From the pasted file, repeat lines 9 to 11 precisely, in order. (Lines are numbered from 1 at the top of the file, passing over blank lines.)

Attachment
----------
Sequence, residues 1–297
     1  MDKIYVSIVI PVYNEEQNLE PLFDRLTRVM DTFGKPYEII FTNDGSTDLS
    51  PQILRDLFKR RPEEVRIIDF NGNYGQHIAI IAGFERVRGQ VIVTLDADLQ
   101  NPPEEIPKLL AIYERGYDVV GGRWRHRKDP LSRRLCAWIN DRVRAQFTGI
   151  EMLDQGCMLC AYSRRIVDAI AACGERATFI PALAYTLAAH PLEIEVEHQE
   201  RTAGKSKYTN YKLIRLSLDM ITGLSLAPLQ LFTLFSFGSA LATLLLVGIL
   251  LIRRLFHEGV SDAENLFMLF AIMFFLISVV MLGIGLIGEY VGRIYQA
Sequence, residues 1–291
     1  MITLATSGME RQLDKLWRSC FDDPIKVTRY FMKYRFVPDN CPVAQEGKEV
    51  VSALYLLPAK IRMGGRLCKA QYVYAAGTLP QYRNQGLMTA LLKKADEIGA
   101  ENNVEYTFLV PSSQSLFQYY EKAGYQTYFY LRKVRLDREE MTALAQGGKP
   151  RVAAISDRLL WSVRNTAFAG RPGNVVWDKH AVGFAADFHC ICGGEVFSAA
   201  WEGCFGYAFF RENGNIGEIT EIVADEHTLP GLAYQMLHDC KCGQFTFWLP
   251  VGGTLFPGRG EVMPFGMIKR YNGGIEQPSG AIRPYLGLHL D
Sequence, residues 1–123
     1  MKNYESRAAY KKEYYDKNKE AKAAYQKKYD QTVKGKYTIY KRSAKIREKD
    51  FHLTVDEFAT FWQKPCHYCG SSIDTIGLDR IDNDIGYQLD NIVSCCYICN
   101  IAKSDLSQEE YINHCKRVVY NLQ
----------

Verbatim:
     1  MITLATSGME RQLDKLWRSC FDDPIKVTRY FMKYRFVPDN CPVAQEGKEV
    51  VSALYLLPAK IRMGGRLCKA QYVYAAGTLP QYRNQGLMTA LLKKADEIGA
   101  ENNVEYTFLV PSSQSLFQYY EKAGYQTYFY LRKVRLDREE MTALAQGGKP